Teachers! Lend me your ears — well eyes — the app draftback is a pretty interesting tool for looking at files in Google Drive. It allows the owner or people who have access to the document and see every single revision done to it, since the document was created in a video that you can thankfully adjust the speed setting to. There is also an option to see a graph of revisions and its correlation to the documents length.
Generally speaking draftback is for mostly teachers and professors that want to see whether or not a student has either cheated, or just copied and pasted some work from another person without citing them. However, it can also be used as a way to show students where they get stuck on a paper, or where their trouble areas are. So it’s both for constructive criticisms, and calling out the students that don’t do their own work which is pretty useful. How do you do it? You may ask, well it’s pretty simple, I’ll show you in the video below.
Hello all! For the past week or so my protege, Michael, and I have been working on an Arduino project on instructables. For the most part we have been dealing with programming and wiring up LEDs to a breadboard, which was honestly pretty cool. Working with hardware is just so great, and it’s what I love doing. However Michael and I asked Mr. Reed to do a different thing for lesson 4 of the Arduino project, so instead we will be making a cool LCD screen with who’s at the CTS Desk during which period. Right now it’s not totally finished, we just have to fix a wiring problem, 3D print a holder for it, and it should be up and running.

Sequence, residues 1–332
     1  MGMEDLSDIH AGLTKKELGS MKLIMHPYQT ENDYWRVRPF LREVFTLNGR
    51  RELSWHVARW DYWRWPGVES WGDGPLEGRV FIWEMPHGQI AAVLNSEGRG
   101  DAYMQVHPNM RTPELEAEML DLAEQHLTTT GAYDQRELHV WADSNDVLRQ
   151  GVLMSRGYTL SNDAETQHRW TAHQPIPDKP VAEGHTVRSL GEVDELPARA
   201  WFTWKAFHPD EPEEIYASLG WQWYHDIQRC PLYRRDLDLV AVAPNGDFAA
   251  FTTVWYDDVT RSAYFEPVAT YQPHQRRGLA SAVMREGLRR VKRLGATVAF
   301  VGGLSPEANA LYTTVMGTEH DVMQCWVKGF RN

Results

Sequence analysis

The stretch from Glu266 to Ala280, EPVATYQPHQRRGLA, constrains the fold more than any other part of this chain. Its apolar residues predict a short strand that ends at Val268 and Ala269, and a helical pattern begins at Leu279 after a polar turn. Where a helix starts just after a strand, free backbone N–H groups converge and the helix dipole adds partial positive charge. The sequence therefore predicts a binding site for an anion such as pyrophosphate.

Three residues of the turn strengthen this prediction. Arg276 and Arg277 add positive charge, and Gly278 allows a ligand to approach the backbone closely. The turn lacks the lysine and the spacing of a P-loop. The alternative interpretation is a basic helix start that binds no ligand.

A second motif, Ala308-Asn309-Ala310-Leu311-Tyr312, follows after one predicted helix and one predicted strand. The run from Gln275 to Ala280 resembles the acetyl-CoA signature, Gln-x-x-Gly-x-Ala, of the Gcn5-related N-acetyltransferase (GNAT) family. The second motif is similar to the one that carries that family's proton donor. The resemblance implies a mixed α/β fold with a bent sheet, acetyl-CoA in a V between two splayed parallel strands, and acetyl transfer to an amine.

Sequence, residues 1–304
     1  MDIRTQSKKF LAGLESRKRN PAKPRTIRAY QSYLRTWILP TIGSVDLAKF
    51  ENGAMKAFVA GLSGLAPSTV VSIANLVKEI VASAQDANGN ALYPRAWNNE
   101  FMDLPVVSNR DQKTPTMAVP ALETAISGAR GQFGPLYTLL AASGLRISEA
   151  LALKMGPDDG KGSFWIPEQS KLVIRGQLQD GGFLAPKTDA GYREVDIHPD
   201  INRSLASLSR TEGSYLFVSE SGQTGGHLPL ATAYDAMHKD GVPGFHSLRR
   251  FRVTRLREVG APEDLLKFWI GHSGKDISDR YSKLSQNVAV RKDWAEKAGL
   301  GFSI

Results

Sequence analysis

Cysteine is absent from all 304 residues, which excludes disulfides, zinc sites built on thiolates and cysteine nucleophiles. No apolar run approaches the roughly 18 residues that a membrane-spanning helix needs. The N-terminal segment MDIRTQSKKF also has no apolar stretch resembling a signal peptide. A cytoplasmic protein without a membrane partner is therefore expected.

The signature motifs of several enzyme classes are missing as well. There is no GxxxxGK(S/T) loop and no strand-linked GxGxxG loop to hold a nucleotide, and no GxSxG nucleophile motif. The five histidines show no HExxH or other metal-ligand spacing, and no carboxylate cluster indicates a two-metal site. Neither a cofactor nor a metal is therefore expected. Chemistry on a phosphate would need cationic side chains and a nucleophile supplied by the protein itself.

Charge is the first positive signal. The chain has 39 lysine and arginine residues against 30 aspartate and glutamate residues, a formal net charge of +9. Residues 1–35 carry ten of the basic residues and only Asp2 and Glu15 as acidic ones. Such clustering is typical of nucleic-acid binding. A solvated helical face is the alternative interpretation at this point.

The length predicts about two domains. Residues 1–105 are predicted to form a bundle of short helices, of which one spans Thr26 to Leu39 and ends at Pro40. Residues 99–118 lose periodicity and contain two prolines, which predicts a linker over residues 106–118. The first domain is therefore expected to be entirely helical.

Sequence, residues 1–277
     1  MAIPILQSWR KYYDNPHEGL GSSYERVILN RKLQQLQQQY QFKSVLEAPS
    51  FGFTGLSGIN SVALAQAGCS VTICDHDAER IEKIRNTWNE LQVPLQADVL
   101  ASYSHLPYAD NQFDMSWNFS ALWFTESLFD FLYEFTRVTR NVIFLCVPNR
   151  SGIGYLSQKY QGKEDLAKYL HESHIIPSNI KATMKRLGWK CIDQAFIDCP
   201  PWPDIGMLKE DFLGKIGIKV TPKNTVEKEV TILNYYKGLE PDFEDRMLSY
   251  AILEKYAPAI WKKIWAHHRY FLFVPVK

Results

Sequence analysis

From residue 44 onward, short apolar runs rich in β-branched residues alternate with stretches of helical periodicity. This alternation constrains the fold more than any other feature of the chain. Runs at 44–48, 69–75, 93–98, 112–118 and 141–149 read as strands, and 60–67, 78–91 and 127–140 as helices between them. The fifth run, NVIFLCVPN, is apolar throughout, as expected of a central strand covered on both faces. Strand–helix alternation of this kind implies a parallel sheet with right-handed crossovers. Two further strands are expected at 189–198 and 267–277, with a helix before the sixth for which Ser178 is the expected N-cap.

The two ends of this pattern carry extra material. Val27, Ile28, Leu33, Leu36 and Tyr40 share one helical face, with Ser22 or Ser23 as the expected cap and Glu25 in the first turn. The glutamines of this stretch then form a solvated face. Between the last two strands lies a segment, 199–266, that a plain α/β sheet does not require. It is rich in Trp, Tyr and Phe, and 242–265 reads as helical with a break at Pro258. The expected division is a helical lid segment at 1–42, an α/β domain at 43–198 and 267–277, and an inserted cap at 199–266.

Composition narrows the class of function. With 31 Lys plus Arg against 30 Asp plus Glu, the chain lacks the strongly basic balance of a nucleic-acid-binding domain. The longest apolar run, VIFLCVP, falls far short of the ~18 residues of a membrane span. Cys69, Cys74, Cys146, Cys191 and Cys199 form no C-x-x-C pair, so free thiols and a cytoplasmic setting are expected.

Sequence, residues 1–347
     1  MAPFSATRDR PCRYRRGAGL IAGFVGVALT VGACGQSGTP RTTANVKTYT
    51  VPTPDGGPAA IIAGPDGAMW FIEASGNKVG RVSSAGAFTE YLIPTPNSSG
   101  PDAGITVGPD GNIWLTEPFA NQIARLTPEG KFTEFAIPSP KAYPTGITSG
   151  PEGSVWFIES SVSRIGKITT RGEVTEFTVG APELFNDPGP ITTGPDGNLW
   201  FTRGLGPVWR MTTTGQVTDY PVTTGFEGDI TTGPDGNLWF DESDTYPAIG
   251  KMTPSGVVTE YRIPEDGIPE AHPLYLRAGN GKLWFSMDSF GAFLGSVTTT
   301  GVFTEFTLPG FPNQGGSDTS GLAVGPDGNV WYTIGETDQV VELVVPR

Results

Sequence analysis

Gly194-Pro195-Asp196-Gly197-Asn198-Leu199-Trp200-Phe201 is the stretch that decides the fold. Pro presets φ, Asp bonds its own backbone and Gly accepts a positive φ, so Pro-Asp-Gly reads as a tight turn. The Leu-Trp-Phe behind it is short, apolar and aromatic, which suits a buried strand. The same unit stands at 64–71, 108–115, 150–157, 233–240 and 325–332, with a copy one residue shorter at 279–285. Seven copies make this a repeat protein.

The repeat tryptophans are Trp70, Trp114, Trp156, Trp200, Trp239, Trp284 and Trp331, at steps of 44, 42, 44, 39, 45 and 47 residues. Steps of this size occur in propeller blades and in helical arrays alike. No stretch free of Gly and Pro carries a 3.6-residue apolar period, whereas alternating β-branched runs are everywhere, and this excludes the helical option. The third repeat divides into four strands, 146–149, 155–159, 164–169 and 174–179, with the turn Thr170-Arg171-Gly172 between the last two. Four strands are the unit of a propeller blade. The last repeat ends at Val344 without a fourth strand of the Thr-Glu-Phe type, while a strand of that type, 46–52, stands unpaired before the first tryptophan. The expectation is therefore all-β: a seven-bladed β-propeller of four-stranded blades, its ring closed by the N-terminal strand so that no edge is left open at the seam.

Throughout the course was a lot of vocabulary dealing with electricity, and programming. The course goes over soldering which is essentially melting solder with a soldering iron to connect wires to whatever they need connected to. However, we didn’t need to solder because we have solderless wires and breadboard. A lot of the programming side of things dealt a lot with C which is a programming language. C is pretty straight forward the only annoying thing is that after every line of code, you have to put a semi-colon, aside from that it’s a pretty awesome language.
All in all I thoroughly enjoyed doing this project with Michael, we had a fair amount of fun while learning. We also can’t wait to get the LCD screen up and running. Until next time! This is the Cane Tech Squadian signing off!
One thing that a fair amount of people don’t know about is how to prioritize their searches in google. Whether you’re writing an essay for Mrs. Knoblauch, or an article of the week for Mr. Oney. Prioritizing what comes up in your search in rather important. I’ll teach you how to do so, in the video below.
EDpuzzle is this very teacher oriented app, what it does is takes a video from a public domain, (YouTube, TED Talks, National Geographic, etc.) and enables the teacher to cut, add verbal notes, or just text notes, as well as adding a quiz to the end of the video. It’s a really fun and interesting application to use in the classroom. It has some very useful features especially as it can be linked to google classroom. Similar to classroom EDpuzzle will send you a code to get into the assigned class. There other features as well, but I’ll go over in the video.